650 days of plague

So. Enjoying a much quieter Christmas than usual; though still a bit more convivial than last year; for Christmas dinner, we invited our old Cambridge friend P, who normally goes to his family in England but couldn’t this year. I’m happily blogging away (most of my book blog posts are written at least a week in advance). We took B out for a walk today despite the rain (which she doesn’t mind) and did not quite succeed in getting everyone to look at the camera at the same time.

The girls have now had their booster shots, Anne and I have appointments for next week and F has his for later in January. Anecdotally, my sense is that a lot more people are feeling knocked out by the booster than by the first jabs, but it’s still better than the alternative. Next time I write one of these posts, I’ll have had mine.

Despite the rise in Omicron cases, the Belgian numbers in general were improving rapidly before the holiday weekend, with infections falling by 36% weekly. We’ll see what happen tomorrow when (presumably) we’ll get new numbers. One thing that already strike me is that in the current peak ICU cases, rather than deaths, are now the lagging indicator, peaking last and falling more slowly; which possibly points to cases being in general less severe now than in previous waves. (Of course maybe most of the really vulnerable are already dead…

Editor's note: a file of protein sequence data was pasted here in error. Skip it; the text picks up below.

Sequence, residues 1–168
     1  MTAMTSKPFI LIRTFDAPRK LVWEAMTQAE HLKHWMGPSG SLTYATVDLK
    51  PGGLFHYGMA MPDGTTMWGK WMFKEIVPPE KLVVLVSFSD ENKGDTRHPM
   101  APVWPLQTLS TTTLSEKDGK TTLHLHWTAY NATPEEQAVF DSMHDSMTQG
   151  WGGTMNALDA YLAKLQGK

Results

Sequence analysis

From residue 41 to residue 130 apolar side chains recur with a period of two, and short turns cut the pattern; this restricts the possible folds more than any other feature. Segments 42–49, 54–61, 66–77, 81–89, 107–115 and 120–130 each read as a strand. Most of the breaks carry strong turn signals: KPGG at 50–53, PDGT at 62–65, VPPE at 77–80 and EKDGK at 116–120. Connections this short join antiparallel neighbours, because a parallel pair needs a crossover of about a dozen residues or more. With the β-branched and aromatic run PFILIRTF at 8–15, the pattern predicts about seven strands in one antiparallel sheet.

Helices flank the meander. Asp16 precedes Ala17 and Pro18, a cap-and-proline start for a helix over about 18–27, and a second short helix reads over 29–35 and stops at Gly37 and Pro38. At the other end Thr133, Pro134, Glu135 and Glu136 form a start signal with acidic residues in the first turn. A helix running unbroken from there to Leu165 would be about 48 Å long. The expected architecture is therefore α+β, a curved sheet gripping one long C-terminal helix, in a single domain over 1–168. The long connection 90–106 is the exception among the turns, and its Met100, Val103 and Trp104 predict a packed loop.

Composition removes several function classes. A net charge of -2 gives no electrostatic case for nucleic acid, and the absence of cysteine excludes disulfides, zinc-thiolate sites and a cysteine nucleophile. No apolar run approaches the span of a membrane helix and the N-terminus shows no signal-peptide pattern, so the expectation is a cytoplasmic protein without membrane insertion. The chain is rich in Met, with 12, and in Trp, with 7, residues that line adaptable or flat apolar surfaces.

One consequence of the tangibly less severe situation is that in Belgium at least, the social contract of respecting decrees on social distancing is starting to break down; today’s front page headline in De Standaard is that theatres and cinemas are refusing to close as ordered. Being De Standaard, it also says that this is more of a Francophone probem. For now.) We’ll see how that develops.

Otherwise I am reasonably hopeful of getting back to the office more than one day a week some time in January. Stay well, everyone!

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